Interview with a Death Racer

I had the good fortune to interview a death racer earlier today…

What’s a death race? It’s the most extreme of the latest adventure racing fads… the web address is As per Alexey Sokolin, a Death Racer who reached out to me and passed some info along from the organization,

“The death race is the top level event in the Spartan race hierarchy. It is comprised of mud runs, obstacle racing, trail racing, physical challenges and mental challenges all in a 48 hour plus adventure race. 90% of competitors do not finish the race. It is held in Pittsfield, Vermont. The hurdle and challenge-driven race requires competitors to complete a series of (15-20) grueling mental and physical challenges throughout a 40-mile course that runs through the Vermont woods. During the Death Race, competitors may be asked to chop wood for 2-hours, carry a 20-lb stump around for hours, lift 10-30 lbs rocks for 5-hours; build a fire, cut a bushel of onions, crawl through mud under barbed wire, or after 20-hours of racing, memorize the names of the first 10 U.S. Presidents or a Bible verse, hike to the top of a mountain and recite them back in order. Unlike other endurance races that offer a detailed map, Death Racers have no idea what to expect next as the course map and list of challenges are kept secret. This provides competitors with one of their biggest challenges as the length of the race can range from 24-48 hours. For an endurance athlete, not knowing where the light is at the end of the tunnel can be sheer torture. Last year the race was nearly 60 hours.”


I asked him a few questions… read on.

Alexey: “I am doing the summer Death Race on June 21st. This is the event run by the Spartan founders on their private torture farm up in Pittsfield Vermont. Check out the website… the event itself is a mix of obstacle racing, trail running, cross-fit type work, and about 50 miles of mountain hiking, revolving around obstacles that involve natural tasks. For example, you may need to cut a log into two and then split it into sixth to carry 8 miles through a river while holding an egg that cannot be broken, or you go back to get another egg. Or you have to roll through a field for 40 minutes and answer a trivia question at the end, and then repeat this 6 times.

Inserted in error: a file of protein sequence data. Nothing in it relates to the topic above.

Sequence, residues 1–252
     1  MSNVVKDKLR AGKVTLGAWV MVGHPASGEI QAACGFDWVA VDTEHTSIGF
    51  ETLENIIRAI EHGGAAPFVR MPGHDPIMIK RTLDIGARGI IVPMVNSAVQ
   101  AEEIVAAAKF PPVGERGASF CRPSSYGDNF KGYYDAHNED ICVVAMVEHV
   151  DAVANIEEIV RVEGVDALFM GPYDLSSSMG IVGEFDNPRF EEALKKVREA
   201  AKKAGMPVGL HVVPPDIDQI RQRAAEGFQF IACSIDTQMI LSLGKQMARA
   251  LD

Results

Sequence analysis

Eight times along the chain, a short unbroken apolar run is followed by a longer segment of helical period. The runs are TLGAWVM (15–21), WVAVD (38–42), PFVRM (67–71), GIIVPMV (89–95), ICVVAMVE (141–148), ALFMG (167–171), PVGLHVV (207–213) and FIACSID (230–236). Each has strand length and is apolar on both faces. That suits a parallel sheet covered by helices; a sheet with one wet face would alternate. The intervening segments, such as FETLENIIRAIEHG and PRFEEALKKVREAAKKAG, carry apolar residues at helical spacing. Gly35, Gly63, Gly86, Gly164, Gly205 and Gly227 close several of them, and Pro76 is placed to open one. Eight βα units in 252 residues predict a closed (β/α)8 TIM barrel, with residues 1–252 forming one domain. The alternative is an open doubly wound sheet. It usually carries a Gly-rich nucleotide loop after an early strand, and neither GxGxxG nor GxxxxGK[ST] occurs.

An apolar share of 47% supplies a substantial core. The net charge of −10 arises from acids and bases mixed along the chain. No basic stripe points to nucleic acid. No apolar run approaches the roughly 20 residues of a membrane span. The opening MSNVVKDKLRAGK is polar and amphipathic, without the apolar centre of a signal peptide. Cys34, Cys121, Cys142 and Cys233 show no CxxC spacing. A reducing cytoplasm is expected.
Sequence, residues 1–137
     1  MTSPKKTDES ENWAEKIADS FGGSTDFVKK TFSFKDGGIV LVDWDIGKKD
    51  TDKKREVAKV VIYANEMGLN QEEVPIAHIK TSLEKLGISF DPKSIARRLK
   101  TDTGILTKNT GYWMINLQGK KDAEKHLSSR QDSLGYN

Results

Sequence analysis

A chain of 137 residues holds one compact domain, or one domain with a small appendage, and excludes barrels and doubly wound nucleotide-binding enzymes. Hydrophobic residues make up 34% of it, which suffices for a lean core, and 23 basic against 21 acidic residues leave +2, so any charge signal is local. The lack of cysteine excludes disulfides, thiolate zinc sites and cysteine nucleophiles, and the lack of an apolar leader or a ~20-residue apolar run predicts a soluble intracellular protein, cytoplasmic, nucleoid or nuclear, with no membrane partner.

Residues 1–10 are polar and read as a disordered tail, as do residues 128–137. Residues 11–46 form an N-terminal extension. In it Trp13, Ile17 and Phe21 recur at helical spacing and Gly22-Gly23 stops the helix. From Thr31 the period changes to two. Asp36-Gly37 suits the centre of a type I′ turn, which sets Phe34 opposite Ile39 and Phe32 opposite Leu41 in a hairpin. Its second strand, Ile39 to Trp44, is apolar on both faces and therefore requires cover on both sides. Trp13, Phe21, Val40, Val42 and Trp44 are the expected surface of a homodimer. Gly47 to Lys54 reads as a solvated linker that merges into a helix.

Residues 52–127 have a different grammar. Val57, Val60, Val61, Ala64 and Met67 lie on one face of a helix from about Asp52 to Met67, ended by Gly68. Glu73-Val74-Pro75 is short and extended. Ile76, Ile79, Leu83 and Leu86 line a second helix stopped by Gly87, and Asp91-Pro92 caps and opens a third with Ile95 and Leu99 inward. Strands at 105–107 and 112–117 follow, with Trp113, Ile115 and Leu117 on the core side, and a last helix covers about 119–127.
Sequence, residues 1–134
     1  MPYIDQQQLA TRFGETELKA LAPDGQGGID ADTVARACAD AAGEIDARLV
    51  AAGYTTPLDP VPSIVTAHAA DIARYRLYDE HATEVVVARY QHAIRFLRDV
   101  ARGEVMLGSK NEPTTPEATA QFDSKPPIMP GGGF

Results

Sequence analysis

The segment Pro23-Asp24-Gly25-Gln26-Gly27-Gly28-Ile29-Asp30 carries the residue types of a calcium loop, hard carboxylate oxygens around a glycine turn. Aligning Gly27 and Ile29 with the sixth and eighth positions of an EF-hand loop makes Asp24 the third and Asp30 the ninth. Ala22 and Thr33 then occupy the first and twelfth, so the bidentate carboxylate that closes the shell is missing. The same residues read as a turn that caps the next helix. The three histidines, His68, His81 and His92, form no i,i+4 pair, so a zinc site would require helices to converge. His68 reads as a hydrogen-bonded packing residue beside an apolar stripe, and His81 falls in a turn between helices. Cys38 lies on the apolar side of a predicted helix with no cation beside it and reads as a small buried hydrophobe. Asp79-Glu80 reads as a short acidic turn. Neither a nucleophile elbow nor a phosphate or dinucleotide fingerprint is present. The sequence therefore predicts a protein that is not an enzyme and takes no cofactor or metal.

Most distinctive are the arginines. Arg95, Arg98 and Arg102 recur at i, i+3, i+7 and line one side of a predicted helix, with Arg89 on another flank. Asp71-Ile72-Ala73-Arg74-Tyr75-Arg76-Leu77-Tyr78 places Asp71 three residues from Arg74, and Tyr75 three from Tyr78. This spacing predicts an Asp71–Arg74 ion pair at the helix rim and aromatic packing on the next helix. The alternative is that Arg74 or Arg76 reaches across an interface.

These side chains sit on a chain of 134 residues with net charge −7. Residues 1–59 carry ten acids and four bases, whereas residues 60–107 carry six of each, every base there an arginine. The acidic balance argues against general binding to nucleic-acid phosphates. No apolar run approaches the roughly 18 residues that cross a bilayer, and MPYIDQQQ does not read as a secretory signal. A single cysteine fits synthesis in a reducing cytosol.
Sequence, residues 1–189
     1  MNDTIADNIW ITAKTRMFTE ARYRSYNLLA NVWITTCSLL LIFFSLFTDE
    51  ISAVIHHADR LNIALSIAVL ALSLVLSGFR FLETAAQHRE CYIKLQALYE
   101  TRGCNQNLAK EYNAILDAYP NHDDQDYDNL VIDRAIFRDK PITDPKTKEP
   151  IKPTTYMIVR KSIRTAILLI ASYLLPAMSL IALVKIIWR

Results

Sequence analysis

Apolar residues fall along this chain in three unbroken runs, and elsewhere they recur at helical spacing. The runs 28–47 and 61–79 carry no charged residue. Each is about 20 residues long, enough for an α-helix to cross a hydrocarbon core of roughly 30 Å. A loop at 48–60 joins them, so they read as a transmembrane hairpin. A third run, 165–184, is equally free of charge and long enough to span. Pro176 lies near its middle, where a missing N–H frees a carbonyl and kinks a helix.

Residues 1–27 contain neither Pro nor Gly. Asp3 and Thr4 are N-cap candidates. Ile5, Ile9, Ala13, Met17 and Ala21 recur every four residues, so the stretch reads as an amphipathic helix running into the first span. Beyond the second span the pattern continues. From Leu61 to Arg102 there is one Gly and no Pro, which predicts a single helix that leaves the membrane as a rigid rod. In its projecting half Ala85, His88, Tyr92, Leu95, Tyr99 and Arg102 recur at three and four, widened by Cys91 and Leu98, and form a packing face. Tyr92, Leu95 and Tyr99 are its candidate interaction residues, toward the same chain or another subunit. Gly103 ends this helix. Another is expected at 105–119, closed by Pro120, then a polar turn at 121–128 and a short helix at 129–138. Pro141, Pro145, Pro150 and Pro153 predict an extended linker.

The race used to be about 80 people and 30 hours, but has grown to 300 people last year and lasting 60 hours. There are no structured breaks for sleeping, so it is a test of mental, as well as physical, endurance. I believe the fail rate is somewhere around 90% and the field consists of ultra-marathoners, ex-military, and other nutty survivalists. You bring what you can carry (shoes, food, medicine, axe) and that must last for the full three days. Here’s a good overview:

My athletic background started when I was on the varsity crew team at Amherst College, rowing for 4 years. That got me used to taking punishment in all sorts of weather, and provided a base from to build. After school, I came to NY for a job in finance and switched to a 4-day routine, with 2 days lifting and 2 days cardio. In 2008, I participated in the Urbanathlon and became interested in these active adventure races. Since then, I’ve done 3 Toughmudders (NJ, PA, VT), 2 Goruck challenges, and a few other things here and there. I do some running as well, mostly 5Ks and half marathons.